The New Dowse
April 12-August 17 | Reviewed by L M Wallace

“Visiting Antarctica was one of the most significant and important experiences of my life.”
—Chris Cree Brown

POWERFUL work from thirteen leading New Zealand artists and writers collides in Sinfonia Antarctica, an exhibition at The New Dowse, celebrating art inspired by experience; a result of the Artists to Antarctica programme.

The programme, established in 1996, provides selected artists with the opportunity to work in Antarctica’s challenging environment. Artists are only in Antarctica for just over a week, but it is expected that the experience will lead to new creative works, and the programme’s success is certainly evident in this diverse collection.

For whatever reasons, and there are many, Antarctica is a place that has captured imaginations for centuries. The strong connection that many New Zealanders feel with Antarctica lies behind the work on display. There exists a desire to offer some explanation as to why we feel Antarctica holds a place in New Zealand’s history and our present-day identity; why this is necessary. The exhibition is unusual, in that it is not likely many members of its audience will have had any direct experience with the subject. In this way, the heart of the collection lies in the artists’ ability to translate their experience and commentary to the audience through their respective mediums.

Each artist does so on their own terms. Andris Apse’s sweeping landscape photography captures the silence, and addresses the power and dominance of Mother Nature in Antarctica. Dick Frizzell, always with an interesting stance, found inspiration for his paintings in the interiors of Scott and Shackleton’s hut. Nigel Brown is a stand-out. For one, despite extreme weather conditions, Brown painted the majority of his work onsite; admirable in itself. His four pieces included in the exhibition give a sense of human observation, often showing figures looking on at the landscape. There is a solemnity to it; an idea that you will never be more than voyeur in the vastness of Antarctica – at its mercy – and his use of text conveys his message with immediacy.

Anne Noble chose to focus on the “forgotten, rather than the grand”. This is a nice approach. In her photographs there are signs of human life, but with an eerie emptiness. Full jugs of water sit on a ship’s tables surrounded by a sea of ice; a lone goalpost commands a deserted snowfield. She reconstructs the imagined Antarctica. A result of the harsh conditions, Grahame Sydney chose to trade brush for camera, and his images capture these vast empty landscapes and flat horizons. Although in the same medium, these two artists demonstrate the wide scope for interpretation of Antarctica; there is a sense of peace in Sydney’s work, while Noble’s possesses an unsettling air.

The inclusion of ‘Ice Crack’ (2008) from textile artist Clare Plug is a wonderful addition to the collective. It is an extremely effective piece and leaves you wanting more; unfortunately not to be found within the confines of this exhibition. Work from ceramics artist Raewyn Atkinson, and jeweller Kirsten Haydon give a gratifying injection of variation in form.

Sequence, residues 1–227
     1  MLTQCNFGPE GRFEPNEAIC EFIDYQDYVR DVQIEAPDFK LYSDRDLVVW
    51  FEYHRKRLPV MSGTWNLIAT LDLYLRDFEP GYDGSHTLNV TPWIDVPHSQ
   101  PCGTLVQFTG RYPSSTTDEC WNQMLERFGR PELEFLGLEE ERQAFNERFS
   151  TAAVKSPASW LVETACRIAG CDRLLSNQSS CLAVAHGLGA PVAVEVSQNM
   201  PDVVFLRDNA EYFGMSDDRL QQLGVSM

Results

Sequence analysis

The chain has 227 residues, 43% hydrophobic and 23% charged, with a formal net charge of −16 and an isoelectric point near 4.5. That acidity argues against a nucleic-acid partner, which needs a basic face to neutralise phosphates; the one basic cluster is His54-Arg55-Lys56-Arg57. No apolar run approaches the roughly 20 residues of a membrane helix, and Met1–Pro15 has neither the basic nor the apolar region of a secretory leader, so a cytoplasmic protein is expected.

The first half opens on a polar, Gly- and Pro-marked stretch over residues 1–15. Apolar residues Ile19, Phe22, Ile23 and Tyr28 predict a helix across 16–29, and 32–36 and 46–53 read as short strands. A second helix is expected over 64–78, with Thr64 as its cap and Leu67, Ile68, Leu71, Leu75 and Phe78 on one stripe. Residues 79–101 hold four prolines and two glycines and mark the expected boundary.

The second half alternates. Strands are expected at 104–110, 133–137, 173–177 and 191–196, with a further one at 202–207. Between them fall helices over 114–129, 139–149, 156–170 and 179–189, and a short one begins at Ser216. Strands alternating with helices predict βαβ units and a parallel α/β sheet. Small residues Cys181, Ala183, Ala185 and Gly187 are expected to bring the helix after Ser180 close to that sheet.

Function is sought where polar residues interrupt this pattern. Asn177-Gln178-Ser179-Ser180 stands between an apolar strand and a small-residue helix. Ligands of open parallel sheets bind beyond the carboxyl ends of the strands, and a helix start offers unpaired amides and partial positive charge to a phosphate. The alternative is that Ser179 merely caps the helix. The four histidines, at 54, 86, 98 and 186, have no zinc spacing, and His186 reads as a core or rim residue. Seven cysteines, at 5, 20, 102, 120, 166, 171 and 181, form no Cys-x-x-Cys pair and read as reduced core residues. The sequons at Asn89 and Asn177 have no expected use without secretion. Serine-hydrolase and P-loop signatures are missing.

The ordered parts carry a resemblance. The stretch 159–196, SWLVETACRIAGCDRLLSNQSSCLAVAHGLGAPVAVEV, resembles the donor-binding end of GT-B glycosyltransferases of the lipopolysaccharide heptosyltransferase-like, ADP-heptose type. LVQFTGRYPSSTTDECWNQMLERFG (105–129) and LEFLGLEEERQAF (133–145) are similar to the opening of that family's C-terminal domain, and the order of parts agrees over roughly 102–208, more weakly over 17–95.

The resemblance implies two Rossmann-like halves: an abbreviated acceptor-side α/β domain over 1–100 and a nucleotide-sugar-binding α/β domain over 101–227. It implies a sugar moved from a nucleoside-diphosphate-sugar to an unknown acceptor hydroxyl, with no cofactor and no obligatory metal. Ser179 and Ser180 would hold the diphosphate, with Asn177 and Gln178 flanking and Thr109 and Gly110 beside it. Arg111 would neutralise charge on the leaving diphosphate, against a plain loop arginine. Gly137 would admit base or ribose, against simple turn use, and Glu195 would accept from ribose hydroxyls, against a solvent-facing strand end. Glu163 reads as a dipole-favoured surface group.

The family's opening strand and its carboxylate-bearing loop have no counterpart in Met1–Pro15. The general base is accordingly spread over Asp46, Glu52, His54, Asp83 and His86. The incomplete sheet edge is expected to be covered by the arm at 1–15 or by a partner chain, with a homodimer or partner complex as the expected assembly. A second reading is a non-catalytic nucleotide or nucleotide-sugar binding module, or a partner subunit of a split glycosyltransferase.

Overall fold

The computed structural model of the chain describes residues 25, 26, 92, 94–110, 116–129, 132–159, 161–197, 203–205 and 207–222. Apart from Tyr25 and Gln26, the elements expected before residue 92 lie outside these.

Antarctic writing is represented by the work of Margaret Mahy, and poets Bill Manhire and Chris Orsman. However, these are only very short excerpts from their respective bodies of work inspired by the experience. Blending writing and visual art is always difficult, and it does not fare any better here – the placement of text on the walls feels awkward and forced, as though an obligatory nod in the direction of poetry and prose.

In contrast to The Wide White Page, a collection of writing inspired by Antarctica and edited by Bill Manhire, there is nothing wide about this exhibition. The cramped space is in direct opposition to the awe and expanse of Antarctica that many of the artists are trying to convey. The impact of many of the wide empty scenes becomes diminished by the overcrowding of work. A slow viewing would be best to take in the pieces, particularly with the sheer number of different artists on show, however the small physical space forces viewers around the volume of work much too quickly.

Another jarring element, again largely due to the confined area, involves an audio battle. It may have just been due to volume levels on the day, but a video of Peter Maxwell Davies’ ‘Symphony No. 8’, an Antarctic symphony, was virtually inaudible against Chris Cree Brown’s ‘Under Erebus’ (2000) – a combination of sounds from practical life in Antarctica. Given the small space afforded to the exhibition, coordinators may have been best to choose one or the other.

The ambition in grouping such a large number of artists together is admirable; unfortunately there is nothing particularly inspired about the way the exhibition has been put together. There is a lot of white, obviously, and large iceberg-like pillars on the floor space from which Joyce Campbell’s large prints hang. Compelling work is clearly being produced as a result of the programme, and Artists to Antarctica could become a real cornerstone for artistic endeavours in New Zealand if an exhibition could match the inspiration found in the individual pieces. The local interest is there, and it seems a shame that this energy has not been made more of in this instance.

The artists seem keen to convey the difficulty of ever ‘knowing’ Antarctica. From the perceptions portrayed in the work on display, it’s apparent that everyone’s experience of the great continent is different, and artists can only make attempts at conveying this one experience, or this other. The confined layout of the exhibition affords the viewer no greater understanding or coherence, but hopefully the beautiful confusion we are left with from the combination of these striking pieces, promotes a desire to know more.